Silences and nonsenses
Collected poetry, doggerel and whimsy
A knowing wink
SILENCES AND NONSENSES
Collected poetry, doggerel, and whimsy
By Adrian Plass
Authentic Media. 208 pages. £10.99
Most of us know Adrian Plass from his book, The Secret Diary of Adrian Plass, a Christian Speaker, aged 45 . However, in Silences and Nonsenses we discover that Plass is also a prolific writer of poetry.
Covering the last 25 years of his endeavours, it is an insight into the author’s Christian faith, his view of the church scene, life in general and his life in its various stages. All of these areas are explored with honesty, self-deprecation and a light-hearted humour which veers from amused wryness to unabashed silliness.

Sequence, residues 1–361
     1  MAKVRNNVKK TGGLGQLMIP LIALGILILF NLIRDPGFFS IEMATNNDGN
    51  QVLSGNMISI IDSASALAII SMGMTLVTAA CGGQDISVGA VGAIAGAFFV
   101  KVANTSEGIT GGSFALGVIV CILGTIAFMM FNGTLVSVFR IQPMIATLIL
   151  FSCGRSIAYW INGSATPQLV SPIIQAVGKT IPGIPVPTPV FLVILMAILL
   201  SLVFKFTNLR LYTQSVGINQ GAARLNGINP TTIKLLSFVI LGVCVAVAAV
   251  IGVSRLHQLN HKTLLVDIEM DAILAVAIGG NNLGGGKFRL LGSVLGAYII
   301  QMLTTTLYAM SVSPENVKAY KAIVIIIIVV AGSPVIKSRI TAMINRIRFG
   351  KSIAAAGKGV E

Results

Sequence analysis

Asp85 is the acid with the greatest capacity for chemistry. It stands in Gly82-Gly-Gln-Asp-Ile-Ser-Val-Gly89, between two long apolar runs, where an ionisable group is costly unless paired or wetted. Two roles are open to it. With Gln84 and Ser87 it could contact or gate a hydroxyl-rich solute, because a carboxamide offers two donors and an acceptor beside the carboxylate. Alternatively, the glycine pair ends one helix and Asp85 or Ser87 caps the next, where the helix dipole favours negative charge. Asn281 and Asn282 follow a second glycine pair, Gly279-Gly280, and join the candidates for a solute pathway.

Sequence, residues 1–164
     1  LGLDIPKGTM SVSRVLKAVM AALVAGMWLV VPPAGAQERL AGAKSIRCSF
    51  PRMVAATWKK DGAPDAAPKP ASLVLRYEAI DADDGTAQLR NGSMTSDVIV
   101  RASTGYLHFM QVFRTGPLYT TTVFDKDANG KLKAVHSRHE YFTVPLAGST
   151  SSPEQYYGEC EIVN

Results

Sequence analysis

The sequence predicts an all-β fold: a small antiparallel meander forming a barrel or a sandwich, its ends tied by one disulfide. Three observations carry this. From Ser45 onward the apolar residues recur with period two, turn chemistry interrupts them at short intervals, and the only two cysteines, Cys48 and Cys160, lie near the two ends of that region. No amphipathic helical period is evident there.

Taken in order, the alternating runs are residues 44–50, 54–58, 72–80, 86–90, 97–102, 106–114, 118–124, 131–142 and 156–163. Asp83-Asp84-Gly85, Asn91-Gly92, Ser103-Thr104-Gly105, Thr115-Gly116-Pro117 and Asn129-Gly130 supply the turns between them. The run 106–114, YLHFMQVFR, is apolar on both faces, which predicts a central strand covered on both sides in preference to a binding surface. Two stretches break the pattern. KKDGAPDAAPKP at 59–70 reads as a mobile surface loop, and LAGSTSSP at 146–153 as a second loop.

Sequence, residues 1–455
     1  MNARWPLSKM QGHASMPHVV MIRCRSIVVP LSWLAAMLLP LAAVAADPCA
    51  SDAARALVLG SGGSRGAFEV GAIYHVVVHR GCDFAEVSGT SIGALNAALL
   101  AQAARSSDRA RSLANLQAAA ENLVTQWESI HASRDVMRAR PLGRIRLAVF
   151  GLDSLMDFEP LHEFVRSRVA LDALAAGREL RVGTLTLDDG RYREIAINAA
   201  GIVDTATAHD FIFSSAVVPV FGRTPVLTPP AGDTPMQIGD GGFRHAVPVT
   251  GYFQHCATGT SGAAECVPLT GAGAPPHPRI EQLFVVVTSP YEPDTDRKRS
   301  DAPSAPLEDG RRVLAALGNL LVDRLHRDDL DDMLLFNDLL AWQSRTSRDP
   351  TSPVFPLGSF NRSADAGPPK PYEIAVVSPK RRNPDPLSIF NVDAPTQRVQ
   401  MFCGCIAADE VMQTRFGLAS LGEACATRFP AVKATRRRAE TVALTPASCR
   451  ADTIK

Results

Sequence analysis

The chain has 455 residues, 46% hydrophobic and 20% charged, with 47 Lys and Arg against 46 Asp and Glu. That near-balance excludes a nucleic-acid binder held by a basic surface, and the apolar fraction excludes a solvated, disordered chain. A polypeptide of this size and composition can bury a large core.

I confess I did not warm to this book when I first started reading it, one reason undoubtedly being that, like many of us, I am little used to sitting down and reading a whole book of poetry. I also found the author’s use of forced rhyming and repetition in some poems (such as ‘Stress’) rather jarring. However, I suspect that these poems would come over far better in the performance context, as would the funnier, more playful poems such as ‘Anglican Alphabet’ or ‘United in Glory’.
I also had a couple of theological niggles in the book: one arising from the poem ‘I cannot make you love me’, where Plass contrasts the enormity of Jesus’s power with the suggestion that Jesus cannot make us love him. While Plass is right to say that Jesus does not force us to love him in a robotic way, it must be acknowledged that, left to ourselves, we could never love him. We need his gracious power to enable us to turn from our love of self and fall in love in with him.
Niggles aside, this is an intriguing book. Not many authors can tackle serious, often sad subjects with such forthright self-awareness and what I would call the written equivalent of a knowing wink...